Notice on the one hand that formal testing is, by its nature, highly scripted; most of the time, scripting constrains or even prevents exploration by constraining variation. On the other hand, if you want to make really good decisions about what to test formally, how to test formally, why to test formally, it helps enormously to learn about the product in unscripted and informal ways: conversation, experimentation, investigation… So excellent scripted testing and excellent checking are rooted in exploratory work. They begin with exploratory work and depend on exploratory work. To use language as Harry Collins might, scripted testing is parasitic on exploration.

We say that any testing worthy of the name is fundamentally exploratory. We say that to test a product means to evaluate it by learning about it through experimentation and exploration. To explore a product means to investigate it, to examine it, to create and travel over maps and models of it. Testing includes studying the product, modeling it, questioning it, making inferences about it, operating it, observing it. Testing includes reporting, which itself includes choosing what to report and how to contextualize it. We believe these activities cannot be encoded in explicit procedural scripting in the narrow sense that I mentioned earlier, even though they are all scripted to some degree in the more general sense. Excellent testing—excellent learning—requires us to think and to make choices, which includes thinking about what might be scripting us, and deciding whether to control those scripts or to be controlled by them. We must remain aware of the factors that are scripting us so that we can manage them, taking advantage of them when they help and resisting them when they interfere with our mission.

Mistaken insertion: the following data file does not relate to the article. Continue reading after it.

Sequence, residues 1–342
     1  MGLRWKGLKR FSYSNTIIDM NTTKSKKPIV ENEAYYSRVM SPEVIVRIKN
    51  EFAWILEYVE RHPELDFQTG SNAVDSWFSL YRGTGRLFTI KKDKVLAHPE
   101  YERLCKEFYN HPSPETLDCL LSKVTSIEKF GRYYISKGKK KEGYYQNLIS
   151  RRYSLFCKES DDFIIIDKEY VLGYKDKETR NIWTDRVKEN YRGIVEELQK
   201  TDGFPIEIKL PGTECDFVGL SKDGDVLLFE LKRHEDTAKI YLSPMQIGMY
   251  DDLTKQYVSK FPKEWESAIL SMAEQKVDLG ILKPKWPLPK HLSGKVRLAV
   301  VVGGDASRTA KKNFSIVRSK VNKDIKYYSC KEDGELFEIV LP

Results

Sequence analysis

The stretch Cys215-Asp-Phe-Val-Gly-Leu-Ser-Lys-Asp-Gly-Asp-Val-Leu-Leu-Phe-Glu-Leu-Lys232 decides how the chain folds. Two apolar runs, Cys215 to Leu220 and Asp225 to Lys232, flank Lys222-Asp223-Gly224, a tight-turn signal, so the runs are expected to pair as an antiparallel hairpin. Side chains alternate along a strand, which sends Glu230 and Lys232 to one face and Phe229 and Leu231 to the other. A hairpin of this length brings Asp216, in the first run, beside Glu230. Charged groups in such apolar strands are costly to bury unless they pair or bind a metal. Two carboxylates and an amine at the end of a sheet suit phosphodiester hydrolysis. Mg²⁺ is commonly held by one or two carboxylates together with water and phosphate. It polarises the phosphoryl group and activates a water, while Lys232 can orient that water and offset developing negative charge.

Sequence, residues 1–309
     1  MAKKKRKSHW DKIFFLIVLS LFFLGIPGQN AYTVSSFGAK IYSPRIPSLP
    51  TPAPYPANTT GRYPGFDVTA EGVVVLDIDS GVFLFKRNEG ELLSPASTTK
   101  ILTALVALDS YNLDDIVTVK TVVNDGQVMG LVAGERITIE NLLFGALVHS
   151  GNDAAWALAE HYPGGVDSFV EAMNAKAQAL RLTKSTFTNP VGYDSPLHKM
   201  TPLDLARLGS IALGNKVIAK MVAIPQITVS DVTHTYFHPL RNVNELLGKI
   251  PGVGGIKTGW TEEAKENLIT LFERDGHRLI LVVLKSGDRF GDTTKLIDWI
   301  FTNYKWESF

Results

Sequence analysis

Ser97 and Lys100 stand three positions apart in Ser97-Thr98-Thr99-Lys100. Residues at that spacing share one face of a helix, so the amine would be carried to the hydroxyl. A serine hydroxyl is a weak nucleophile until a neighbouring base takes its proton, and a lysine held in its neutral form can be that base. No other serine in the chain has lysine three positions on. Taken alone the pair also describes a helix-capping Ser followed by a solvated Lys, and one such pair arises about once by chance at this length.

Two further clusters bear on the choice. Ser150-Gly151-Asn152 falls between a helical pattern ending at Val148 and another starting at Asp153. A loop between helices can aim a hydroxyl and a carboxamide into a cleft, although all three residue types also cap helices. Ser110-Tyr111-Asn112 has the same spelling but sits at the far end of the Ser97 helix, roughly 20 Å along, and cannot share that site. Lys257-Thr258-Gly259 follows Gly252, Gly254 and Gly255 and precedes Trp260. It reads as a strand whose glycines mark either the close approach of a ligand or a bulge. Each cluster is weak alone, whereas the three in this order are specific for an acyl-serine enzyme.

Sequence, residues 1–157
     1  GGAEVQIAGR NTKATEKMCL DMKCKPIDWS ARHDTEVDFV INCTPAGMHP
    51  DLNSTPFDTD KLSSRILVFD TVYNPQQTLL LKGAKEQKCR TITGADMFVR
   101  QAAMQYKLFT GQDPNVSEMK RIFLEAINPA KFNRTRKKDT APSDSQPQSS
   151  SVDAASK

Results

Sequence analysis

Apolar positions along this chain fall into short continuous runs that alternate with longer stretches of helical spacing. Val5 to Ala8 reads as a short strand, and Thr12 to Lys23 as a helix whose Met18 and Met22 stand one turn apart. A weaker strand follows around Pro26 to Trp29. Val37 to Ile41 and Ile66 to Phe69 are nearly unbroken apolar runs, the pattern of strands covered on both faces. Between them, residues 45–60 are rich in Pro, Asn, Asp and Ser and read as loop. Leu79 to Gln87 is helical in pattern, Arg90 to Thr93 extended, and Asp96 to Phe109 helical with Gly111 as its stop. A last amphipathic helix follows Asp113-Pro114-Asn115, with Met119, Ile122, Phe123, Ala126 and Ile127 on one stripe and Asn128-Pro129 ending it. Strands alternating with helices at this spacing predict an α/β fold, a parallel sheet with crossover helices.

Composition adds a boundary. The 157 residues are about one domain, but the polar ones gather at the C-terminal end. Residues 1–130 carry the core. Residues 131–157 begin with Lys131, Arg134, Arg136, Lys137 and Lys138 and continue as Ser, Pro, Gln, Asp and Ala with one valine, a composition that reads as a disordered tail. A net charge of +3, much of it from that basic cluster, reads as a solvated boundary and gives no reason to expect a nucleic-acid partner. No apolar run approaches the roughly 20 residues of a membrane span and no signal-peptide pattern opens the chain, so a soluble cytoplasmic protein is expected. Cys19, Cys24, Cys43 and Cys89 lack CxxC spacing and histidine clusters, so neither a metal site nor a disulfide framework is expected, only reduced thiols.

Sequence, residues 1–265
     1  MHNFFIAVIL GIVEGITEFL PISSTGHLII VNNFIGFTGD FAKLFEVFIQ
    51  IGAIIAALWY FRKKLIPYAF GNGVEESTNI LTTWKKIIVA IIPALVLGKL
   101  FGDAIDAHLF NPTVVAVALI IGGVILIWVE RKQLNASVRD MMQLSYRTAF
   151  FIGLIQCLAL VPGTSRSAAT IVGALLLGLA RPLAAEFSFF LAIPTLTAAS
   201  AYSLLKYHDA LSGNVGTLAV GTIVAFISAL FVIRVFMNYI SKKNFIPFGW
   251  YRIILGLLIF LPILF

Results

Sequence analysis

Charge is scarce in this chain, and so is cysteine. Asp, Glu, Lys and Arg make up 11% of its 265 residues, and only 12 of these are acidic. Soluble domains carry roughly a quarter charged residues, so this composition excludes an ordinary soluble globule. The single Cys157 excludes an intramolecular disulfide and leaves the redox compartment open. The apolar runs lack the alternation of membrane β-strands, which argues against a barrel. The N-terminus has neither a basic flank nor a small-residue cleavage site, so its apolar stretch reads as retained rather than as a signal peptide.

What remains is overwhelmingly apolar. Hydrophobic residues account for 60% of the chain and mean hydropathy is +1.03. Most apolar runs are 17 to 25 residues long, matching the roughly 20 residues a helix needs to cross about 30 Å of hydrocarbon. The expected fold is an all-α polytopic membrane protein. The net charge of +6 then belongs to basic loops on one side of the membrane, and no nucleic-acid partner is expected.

On Red

Friday, June 26th, 2015

What actually happens when a check returns a “red” result?

Some people might reflexively say “Easy: we get a red; we fix the bug.” Yet that statement is too simplistic, concealing a good deal of what really goes on. The other day, James Bach and I transpected on the process. Although it’s not the same in every case, we think that for responsible testers, the process actually goes something more like this:

First, we ask, “Is the check really returning a red?” The check provides us with a result which signals some kind of information, but by design the check hides lots of information too. The key here is that we want to see the problem for ourselves and apply human sensemaking to the result and to the possibility of a real problem.

Sensemaking is not a trivial subject. Karl Weick, in Sensemaking in Organizations, identifies seven elements of sensemaking, saying it is:

  • grounded in identity construction (which means that making sense of something is embedded in a set of “who-am-I-and-what-am-I-doing here?” questions);